If your opponent is of choleric temper, seek to irritate him. Pretend to be weak, that he may grow arrogant.
If he is taking his ease, give him no rest. If his forces are united, separate them.
Attack him where he is unprepared; appear where you are not expected.
These military devices, leading to victory, must not be divulged beforehand.
P9. There is no instance of a country having benefited from prolonged warfare.
P11. In war, then, let your great object be victory, not lengthy campaigns.
P21. The army march:
Camp in high places, facing the sun. Do not climb heights in order to fight. So much for mountain warfare.
After crossing a river, you should get far away from it.
When an invading force crosses a river in its onward march, do not advance to meet it in mid-stream. It will be best to let half the army get across and then deliver your attack.
If you are anxious to fight, you should not go to meet the invader near a river which he has to cross.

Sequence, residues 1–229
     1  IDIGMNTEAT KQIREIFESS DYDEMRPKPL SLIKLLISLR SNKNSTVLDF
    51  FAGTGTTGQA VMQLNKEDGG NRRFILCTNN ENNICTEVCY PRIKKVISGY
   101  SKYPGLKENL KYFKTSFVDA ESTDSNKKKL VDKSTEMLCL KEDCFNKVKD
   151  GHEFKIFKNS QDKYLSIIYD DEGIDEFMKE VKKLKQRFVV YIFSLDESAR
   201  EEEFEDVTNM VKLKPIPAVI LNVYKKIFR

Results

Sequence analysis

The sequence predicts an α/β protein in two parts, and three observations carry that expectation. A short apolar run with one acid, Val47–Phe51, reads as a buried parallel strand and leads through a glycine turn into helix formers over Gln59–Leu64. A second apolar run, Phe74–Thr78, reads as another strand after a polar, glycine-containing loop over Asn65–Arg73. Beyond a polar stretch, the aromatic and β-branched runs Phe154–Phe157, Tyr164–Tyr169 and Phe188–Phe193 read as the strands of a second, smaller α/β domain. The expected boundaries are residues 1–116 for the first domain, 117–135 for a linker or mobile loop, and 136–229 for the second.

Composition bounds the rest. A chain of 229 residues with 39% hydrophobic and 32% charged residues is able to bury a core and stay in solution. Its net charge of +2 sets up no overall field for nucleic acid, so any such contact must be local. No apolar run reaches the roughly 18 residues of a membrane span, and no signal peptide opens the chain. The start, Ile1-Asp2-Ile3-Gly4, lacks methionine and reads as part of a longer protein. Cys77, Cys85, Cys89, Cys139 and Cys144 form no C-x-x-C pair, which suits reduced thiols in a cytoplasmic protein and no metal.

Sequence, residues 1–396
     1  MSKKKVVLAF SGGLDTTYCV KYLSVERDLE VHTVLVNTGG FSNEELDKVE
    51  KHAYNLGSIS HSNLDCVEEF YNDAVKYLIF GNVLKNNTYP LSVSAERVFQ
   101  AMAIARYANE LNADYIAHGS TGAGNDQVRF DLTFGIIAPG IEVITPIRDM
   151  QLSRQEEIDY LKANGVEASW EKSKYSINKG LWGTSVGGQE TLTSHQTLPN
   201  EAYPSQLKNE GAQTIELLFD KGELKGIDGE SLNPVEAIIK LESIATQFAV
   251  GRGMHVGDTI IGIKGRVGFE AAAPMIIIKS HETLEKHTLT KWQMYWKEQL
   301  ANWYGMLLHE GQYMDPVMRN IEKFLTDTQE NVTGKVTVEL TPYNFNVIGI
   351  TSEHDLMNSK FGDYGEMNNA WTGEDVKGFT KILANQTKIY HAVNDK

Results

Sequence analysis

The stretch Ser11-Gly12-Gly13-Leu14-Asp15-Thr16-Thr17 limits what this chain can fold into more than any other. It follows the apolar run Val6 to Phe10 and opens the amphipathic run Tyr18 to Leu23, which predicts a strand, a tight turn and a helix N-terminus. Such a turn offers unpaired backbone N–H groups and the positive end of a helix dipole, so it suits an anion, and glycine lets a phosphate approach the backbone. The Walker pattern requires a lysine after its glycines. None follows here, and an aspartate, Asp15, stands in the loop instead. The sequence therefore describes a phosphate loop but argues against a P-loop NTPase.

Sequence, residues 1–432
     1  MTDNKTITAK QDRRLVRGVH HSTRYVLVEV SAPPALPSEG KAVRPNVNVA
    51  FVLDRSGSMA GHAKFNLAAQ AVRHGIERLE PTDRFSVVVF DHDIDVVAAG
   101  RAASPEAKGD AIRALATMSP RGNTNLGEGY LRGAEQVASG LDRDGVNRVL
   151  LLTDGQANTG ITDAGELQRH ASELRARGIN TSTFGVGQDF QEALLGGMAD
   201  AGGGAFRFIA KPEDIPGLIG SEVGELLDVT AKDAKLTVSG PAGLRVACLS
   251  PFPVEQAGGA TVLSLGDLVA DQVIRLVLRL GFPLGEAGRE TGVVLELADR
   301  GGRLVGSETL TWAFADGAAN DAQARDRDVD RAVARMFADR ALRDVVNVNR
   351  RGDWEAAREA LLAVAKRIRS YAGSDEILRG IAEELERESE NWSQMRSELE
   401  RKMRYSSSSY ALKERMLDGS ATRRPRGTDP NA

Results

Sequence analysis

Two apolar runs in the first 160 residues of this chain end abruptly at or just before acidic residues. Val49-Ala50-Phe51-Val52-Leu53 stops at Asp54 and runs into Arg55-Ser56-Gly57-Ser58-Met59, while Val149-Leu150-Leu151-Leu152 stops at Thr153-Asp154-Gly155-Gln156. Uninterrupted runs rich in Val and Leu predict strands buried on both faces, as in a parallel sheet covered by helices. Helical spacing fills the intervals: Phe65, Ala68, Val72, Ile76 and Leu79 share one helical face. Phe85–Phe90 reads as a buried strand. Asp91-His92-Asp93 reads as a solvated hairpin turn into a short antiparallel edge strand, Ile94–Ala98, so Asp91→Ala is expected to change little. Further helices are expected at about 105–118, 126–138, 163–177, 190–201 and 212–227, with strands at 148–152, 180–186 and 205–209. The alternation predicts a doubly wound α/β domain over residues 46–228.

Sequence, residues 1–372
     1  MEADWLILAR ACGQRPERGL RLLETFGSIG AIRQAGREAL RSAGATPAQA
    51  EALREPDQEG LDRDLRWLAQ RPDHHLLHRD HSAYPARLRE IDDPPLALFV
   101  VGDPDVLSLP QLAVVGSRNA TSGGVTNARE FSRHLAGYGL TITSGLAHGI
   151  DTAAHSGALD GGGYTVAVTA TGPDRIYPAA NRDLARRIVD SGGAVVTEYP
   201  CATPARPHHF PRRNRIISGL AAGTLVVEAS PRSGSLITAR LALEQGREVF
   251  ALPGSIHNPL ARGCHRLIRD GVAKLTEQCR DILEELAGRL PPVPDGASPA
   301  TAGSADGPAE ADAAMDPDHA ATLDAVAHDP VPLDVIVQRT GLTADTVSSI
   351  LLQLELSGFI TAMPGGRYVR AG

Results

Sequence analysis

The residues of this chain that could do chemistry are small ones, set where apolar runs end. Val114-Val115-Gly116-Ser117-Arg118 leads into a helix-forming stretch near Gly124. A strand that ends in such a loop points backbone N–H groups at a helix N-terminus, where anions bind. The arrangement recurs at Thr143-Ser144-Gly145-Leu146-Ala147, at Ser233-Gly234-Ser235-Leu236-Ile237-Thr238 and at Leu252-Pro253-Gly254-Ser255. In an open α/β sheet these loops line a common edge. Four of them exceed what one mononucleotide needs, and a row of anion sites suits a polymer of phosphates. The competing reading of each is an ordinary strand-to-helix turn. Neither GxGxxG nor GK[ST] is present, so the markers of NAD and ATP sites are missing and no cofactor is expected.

Moor your craft higher than the enemy and face the sun. Do not move upstream to meet the enemy. So much for river warfare.
In crossing salt marshes, your sole concern should be to get over them quickly, without delay.
If forced to fight in a salt marsh, you should have water and grass near you and get your back to a clip of trees. So much for operations in salt-marches.
In the dry, level country, take up an easily accessible position with rising ground to your right and on your rear, so that the danger may be in front, and safety lie behind. So much for campaigning in flat country.
These are the four useful branches of military knowledge which enabled the Yellow Emperor to vanquish four several sovereigns.
All armies prefer high ground to low and sunny places to dark.
If you are careful of your men, and camp on hard ground, the army will be free from disease of every kind, and this will spell victory.
When you come to a hill or a bank, occupy the sunny side, with the slope on your right rear. Thus, you will at once act for the benefit of your soldiers and utilize the natural advantages of the ground.
P26. If a general shows confidence in his men but always insists on his orders being obeyed, the gain will be mutual.
Sun Tzu said: The control of a large force is the same principle as the control of a few men: it is merely a question of dividing up their numbers.
Fighting with a large army under your command is nowise different from fighting with a small one: it is merely a question of instituting signs and signals.